Fortified with a dinner-sized lunch Jane and I exited the cafe and observed a nice little deli on the opposite corner of the street. This was probably the destination that the Vain employee directed us to. Oh well, we needed an introduction to Argentina steak at some point, so why not our first meal? We returned to the Vain Hotel and prepared for our bus tour. At the pre-arranged time of 1:30 a taxi arrived with our bus tour guide and drove us to the starting point in a touristy section of the city with many hotels and restaurants. Here we transferred from the taxi to a small shuttle van and were joined by an elderly couple and their daughter from Dallas, TX. The daughter’s name was Sonya and she was a doctor specializing in sleep therapy, and I wondered where she was when I required her expertise to sleep during the overnight flight. Three more women boarded the bus, and they were Nina, Johanna and Tarja from Finland and they were attending a convention on forest products. We waited a bit longer and eventually two men and a woman from Los Angeles jumped on board and sat toward the rear.
We now departed and began a nice tour of the southern regions of Buenos Aires. First we stopped in San Telmo, the original settlement and now the home of the pink building or the president’s office building. We strolled through Plaza de Mayo in front of the pink building and snapped a few photos. The parliament building was visible down one of the avenues opposite the pink building and another angled spoke revealed the judicial building. Our guide pointed out the plain inconspicuous building along the plaza where the current pope resided before moving to Rome.
We moved on and stopped next in La Boca, the area originally settled by Italian immigrants. Numerous examples of tenement homes remained with the outside covered with corrugated metal painted in various bright colors. The settlers used materials from the nearby shipyards to construct their homes hence the array of bright colors. Next we drove past the stadium that is home to the Boca Juniors, the most famous futbol team in Argentina and the team for which Diego Maradona played. Our guide informed us that “Pele is royalty, but Maradona is God”.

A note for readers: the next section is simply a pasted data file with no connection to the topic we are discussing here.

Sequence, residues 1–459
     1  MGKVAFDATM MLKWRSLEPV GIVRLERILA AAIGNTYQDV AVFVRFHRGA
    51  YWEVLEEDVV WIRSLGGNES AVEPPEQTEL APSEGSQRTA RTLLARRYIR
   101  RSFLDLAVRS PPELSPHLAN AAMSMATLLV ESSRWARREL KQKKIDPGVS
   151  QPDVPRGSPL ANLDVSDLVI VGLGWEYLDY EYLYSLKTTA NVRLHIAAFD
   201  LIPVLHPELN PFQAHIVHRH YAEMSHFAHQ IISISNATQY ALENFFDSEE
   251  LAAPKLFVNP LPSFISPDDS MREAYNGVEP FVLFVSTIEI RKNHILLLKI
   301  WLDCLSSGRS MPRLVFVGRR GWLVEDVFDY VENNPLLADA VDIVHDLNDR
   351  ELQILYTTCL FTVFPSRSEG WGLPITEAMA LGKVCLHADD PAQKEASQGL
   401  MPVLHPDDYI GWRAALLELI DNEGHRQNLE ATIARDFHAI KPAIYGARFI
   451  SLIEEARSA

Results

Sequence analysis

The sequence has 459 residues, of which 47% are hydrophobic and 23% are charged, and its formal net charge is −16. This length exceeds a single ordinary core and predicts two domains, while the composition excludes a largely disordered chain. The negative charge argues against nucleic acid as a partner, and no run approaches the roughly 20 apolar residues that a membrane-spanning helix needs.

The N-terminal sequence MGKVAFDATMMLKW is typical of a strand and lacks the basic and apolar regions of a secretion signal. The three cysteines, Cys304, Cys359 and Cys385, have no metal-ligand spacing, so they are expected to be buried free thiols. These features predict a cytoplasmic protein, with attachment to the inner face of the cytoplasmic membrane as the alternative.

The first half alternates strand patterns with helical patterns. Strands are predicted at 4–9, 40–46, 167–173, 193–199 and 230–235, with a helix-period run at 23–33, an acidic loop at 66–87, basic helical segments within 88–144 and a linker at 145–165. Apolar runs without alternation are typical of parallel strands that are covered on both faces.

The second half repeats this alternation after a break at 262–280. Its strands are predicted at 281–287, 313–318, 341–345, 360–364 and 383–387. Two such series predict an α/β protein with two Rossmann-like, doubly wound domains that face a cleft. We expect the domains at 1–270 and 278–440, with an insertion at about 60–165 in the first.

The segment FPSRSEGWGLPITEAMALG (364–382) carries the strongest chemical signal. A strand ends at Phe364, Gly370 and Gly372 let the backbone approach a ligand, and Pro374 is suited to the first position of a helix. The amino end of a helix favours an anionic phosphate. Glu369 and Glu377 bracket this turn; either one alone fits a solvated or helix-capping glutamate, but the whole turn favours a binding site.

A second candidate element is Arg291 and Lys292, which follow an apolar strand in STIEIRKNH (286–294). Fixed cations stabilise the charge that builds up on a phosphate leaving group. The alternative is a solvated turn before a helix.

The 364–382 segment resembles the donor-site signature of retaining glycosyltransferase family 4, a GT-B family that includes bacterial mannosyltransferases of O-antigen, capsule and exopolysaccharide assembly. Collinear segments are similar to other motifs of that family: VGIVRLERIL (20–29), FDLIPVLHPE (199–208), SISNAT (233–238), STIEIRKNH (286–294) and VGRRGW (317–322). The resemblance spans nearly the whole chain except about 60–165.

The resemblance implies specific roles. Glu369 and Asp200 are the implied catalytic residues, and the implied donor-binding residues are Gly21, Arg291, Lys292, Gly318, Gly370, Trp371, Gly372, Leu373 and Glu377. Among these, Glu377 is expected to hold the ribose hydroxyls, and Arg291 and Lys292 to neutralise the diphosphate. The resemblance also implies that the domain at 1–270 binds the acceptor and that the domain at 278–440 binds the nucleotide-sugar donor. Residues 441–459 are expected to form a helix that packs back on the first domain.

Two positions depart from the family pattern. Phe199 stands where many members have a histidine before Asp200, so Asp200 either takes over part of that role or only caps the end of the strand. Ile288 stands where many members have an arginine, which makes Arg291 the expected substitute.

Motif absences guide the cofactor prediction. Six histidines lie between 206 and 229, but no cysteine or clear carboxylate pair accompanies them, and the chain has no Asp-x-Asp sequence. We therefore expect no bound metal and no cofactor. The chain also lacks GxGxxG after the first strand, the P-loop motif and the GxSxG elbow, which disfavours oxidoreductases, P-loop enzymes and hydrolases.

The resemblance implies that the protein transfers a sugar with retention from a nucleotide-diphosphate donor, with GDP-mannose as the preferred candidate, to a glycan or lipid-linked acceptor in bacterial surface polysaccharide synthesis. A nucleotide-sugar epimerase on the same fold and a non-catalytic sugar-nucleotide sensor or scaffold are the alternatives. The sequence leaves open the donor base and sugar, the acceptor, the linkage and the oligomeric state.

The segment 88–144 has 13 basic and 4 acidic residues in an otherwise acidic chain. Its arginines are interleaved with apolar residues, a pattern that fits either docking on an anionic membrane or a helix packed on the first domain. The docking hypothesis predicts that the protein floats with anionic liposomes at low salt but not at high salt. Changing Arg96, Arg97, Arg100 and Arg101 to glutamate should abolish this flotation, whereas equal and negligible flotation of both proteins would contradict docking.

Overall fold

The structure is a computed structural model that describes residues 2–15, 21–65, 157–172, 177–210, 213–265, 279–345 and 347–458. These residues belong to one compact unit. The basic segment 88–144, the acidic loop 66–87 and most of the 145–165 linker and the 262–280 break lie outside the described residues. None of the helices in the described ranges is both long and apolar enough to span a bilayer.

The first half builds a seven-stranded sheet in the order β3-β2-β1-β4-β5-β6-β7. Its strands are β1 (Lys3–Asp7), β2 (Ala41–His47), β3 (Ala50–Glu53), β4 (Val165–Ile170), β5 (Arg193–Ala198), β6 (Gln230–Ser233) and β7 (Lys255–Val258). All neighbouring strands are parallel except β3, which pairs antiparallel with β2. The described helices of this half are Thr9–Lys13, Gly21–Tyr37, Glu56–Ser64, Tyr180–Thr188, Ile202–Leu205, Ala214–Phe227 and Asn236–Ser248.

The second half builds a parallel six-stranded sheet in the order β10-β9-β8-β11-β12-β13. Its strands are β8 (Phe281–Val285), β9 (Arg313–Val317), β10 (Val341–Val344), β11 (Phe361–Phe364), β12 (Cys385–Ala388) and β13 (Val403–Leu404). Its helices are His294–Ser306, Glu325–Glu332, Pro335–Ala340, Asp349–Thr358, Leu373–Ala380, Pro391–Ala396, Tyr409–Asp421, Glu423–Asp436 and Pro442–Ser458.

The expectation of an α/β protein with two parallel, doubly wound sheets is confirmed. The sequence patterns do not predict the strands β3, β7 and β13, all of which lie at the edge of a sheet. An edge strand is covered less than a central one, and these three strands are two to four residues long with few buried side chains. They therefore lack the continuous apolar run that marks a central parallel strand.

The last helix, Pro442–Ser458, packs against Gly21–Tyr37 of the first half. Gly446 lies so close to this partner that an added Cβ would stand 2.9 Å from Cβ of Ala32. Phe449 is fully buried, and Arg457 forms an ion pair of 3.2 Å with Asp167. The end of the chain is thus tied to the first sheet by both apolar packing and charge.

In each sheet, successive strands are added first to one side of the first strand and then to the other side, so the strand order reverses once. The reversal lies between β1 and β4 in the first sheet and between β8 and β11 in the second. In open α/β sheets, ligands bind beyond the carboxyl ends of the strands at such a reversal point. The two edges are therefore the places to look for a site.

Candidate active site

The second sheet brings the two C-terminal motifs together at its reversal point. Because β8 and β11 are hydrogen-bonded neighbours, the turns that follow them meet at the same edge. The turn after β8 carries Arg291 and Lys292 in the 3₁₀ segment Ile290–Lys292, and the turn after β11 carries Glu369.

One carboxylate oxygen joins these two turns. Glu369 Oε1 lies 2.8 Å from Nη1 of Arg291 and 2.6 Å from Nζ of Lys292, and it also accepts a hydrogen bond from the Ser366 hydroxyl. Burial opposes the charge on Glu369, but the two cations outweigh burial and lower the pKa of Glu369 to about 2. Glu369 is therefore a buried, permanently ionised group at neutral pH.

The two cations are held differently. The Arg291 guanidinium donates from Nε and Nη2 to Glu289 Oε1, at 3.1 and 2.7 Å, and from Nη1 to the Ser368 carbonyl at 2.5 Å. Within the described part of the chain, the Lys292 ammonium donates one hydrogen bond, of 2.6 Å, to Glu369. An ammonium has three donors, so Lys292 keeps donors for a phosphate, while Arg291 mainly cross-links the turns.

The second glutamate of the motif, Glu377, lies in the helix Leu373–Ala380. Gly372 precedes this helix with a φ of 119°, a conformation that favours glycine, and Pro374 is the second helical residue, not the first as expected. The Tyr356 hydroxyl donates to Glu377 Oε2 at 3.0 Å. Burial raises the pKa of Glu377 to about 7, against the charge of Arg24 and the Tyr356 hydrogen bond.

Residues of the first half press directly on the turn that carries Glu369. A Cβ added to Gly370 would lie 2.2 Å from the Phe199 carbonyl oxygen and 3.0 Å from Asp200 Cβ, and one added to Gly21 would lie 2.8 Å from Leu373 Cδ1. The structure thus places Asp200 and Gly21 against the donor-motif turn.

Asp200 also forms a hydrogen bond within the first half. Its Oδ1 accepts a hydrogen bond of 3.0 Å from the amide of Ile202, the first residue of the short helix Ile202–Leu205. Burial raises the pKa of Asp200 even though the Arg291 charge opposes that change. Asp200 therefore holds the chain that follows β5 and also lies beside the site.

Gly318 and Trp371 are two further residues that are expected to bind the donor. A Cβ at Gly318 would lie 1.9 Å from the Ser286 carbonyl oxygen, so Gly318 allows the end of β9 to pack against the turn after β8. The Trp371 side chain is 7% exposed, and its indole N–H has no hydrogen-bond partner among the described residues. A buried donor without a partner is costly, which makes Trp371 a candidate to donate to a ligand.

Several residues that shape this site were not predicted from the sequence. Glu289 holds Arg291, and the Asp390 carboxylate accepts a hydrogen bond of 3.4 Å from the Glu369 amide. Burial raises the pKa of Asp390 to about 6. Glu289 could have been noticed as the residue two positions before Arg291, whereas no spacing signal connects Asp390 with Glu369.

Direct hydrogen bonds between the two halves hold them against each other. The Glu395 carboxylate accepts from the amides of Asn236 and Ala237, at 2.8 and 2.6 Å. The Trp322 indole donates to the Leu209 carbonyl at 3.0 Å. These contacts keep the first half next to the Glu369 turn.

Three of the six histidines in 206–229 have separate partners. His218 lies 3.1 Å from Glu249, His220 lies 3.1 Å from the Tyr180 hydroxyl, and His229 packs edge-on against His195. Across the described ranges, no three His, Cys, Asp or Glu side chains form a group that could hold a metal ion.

Next we stopped in an area consisting of three or four narrow streets populated by small gift shops and restaurants and sidewalk cafes. This was a very touristy area and there were many street performers including quite a few tango dancers as La Boca is apparently the area where the tango originated among the working class immigrants. It did not spread beyond La Boca until Paris popularized it and then it was adopted around the world.
Once again we boarded the bus and traveled along a wide avenue to the Puerto Madero area, a relatively new area of the city where an investor purchased a large plot of land near a canal and constructed a planned community consisting mostly of high rise office buildings and apartments. In truth it seemed quite sterile and lifeless compared to the other bustling areas we’d visited on the tour.
Our final stop was Recoleta Cemetary. Our guide explained that rich families owned sections of the densely packed burial ground, and the tombs went vertically upward and downward to accomodate multiple generations. While here we visited the tomb of Eva Peron and this gave our guide an opportunity to explain the history of the Perons and their influence on Argentne life.
After the tour, we took a taxi back to the Vain Hotel and exchanged dollars for pesos at a rate of 8 to 1 and checked into our room which was on the first floor just off the small pleasant courtyard beyond the check in desk. 4PM was tea and coffee hour so we meandered up to the patio on the second floor and enjoyed the treats that were offered. Jane discovered that she loved the coffee at the Vain Hotel and the flavor was so rich that she drank it black. We had reservations for dinner at 8:30PM at Don Julio Parilla so we killed some time by browsing the area and locating the Miravida Soho Hotel as that was where we reserved a room for Friday night.
Don Julio’s was six or seven blocks from our hotel so we decided to stroll there and work off our bife de chorizo, and we arrived right on time for our reservation. The hostess escorted us upstairs to a delightful small loft area overlooking the entire restaurant. The walls were covered with empty wine bottles and the establishment filled up quickly and bustled with diners. This was much different from the United States where restaurants typically close on Thanksgiving because it is a time for families to gather in their homes for Thanksgiving feasts. Jane and I enjoyed our evening together with Malbec wine, a fresh assortment of bread and rolls, and a main course of roasted meat. I ordered pork tenderloin having already eaten a bife de chorizo for lunch. For dessert Jane ordered and enjoyed a mint flavored cake.
After dinner we returned to our hotel and crashed and burned. We could finally sleep with the aid of a soft bed and pillow and we were pleased to take advantage of our comfortable room.